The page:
Home » Competition »Consumer News »Dish Network » Currently Reading:

CNET’s Editorial Independence Questioned After Parent Company Blocks Award for DVR CBS Hates

Phillip Dampier January 14, 2013 Competition, Consumer News, Dish Network 1 Comment

hopperCNET was forced to withdraw a planned award for Dish Network’s ad-skipping “Hopper” DVR because the website’s owner, CBS, is suing the satellite dish company over the device.

The rift has led to questions about the editorial independence at CNET, and as of this afternoon, a senior writer has quit over the controversy.

Greg Sandoval, who formerly reported for the Washington Post and Los Angeles Times resigned in protest less than one hour after reports surfaced CNET was ordered to disqualify Dish Network from consideration at the Best of C.E.S. Awards in Las Vegas last Thursday.

The well-advertised Dish Hopper DVR allows viewers to seamlessly skip past advertising on recorded major network primetime programming. CNET disclosed that regardless of the product’s merits, it could not be considered at the awards event because the website’s owner was actively engaged in litigation that argues the device violates U.S. copyright laws.

“We are saddened that CNET’s staff is being denied its editorial independence because of CBS’s heavy-handed tactics,” said Dish Network CEO Joseph P. Clayton. “This action has nothing to do with the merits of our new product. Hopper with Sling is all about consumer choice and control over the TV experience. That CBS, which owns CNET.com, would censor that message is insulting to consumers.”

The Verge website turned up the temperature in CNET’s offices when it reported the Dish Hopper was banned from consideration only after it became apparent it was going to win an award:

Before the winner was unveiled, CBS Interactive News senior-vice president and General Manager Mark Larkin informed CNET’s staff that the Hopper could not take the top award. The Hopper would have to be removed from consideration, and the editorial team had to re-vote and pick a new winner from the remaining choices. Sources say that Larkin was distraught while delivering the news — at one point in tears — as he told the team that he had fought CBS executives who had made the decision.

cnetThe Verge added there was clear evidence of a growing influence on the editorial decisions at the digital news subsidiaries owned by CBS, all designed to protect the parent company.

Sandoval left almost immediately after The Verge went public with its report.

CBS released a statement earlier this afternoon:

CBS has nothing but the highest regard for the editors and writers at CNET, and has managed that business with respect as part of its CBS Interactive division since it was acquired in 2008. This has been an isolated and unique incident in which a product that has been challenged as illegal, was removed from consideration for an award. The product in question is not only the subject of a lawsuit between Dish and CBS, but between Dish and nearly every other major media company as well. CBS has been consistent on this situation from the beginning, and, in terms of covering actual news, CNET maintains 100% editorial independence, and always will. We look forward to the site building on its reputation of good journalism in the years to come.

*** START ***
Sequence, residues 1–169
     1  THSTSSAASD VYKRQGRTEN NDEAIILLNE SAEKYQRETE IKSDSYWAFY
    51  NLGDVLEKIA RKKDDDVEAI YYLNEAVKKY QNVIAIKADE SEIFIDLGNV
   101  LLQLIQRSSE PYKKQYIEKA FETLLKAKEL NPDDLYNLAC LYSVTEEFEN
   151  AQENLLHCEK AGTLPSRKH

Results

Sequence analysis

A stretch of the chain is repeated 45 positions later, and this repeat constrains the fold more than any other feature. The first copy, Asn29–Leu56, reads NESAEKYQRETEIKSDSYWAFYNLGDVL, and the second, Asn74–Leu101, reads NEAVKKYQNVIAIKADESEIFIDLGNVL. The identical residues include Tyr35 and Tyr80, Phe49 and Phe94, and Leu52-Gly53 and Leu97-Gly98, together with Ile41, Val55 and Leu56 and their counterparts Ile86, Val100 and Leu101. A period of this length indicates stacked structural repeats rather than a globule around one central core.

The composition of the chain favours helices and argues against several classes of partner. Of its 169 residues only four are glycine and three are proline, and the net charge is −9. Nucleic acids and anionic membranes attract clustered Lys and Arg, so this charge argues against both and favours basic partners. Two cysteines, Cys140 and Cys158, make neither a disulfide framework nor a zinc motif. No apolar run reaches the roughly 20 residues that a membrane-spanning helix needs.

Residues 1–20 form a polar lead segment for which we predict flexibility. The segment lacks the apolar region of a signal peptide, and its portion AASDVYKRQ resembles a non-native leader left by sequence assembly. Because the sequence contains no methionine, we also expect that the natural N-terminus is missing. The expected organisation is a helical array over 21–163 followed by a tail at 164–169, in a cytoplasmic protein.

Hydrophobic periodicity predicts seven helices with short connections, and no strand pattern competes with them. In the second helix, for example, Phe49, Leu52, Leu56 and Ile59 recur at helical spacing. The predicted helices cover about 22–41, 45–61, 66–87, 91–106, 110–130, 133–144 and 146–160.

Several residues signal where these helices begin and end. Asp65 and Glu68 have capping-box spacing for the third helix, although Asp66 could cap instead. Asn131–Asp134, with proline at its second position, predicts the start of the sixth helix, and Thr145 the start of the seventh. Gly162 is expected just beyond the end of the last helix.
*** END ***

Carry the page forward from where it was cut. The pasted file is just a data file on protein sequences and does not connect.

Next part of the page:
Share

Currently there is 1 comment on this Article:

  1. Michelle says:

    When I first heard about this whole situation, I couldn’t believe it. I work at DISH, and many of us were excited to be given such recognition for the new technology in our Whole-Home HD DVR. In truth, so many people are embracing the DISH Hopper and the fact that it allows for complete control over watching TV. I may not have time to sit through every commercial, so of course, I’m going to welcome a quicker way to fast-forward through commercials, and I love that it’s up to me to do so.

Search This Site:

Contributions:

Recent Comments:

  • Toby: A Comcast guy going around my neighborhood knocking on doors offered me the preferred plus Triple Play with 105 Mbps for $89.99/month. After addition...
  • Carmine: Hi, My contract is up Oct 10th. AT&T wants to increase my Uverse and I-net (6MPS) by 34%. Today I just used your strategy and called the 800-288...
  • Tony: As frustrating as it is, I can tell you from our experience it is the cable company For us the tuning adapter's firmware was not up to date. Cur...
  • Vikki Karan: Count me in!! I'm willing to take this cause on as well! Willing to take it all the way to DC and/or file a class action suit. Here is my story: ...
  • RG: I see the V52 on occasion with Cox in San Diego. Sometimes it's a SDV box decode error, other times it's a channel that I'm not subscribed to or doesn...
  • Vikki Karan: Major TWC issues with TiVo here in Los Angeles. We keep getting V52 errors. TWC says it is an issue with the TiVo Roamio. That there are open tickets ...
  • Scott: GCI just raised Cable TV rates and fees across the board an additional $30/mo for all customers this last month, so most that were paying $135 for a t...
  • Jim Livermore: After all of the detail in the above article, your sole comment is a critique of my first sentence? Thank you, Anonymous Coward....
  • MadBomber: >While extortion might be a little strong... What do you call forcing a payment without proof of guilt then?...
  • Phillip Dampier: Hi, I was unable to get permission to share the report, but in response to your inquiry, I can share their reply that they are using "cash flow margin...
  • Theresa Bailey: Either Mr. Doda is lying, or there is a lack of consistency in following procedure among the Bright House representatives. When I signed up for B...
  • Jim Livermore: Another great report, Phillip. While extortion might be a little strong, it is a response to the 6-strike noise by a third party offering a middleman...

Your Account: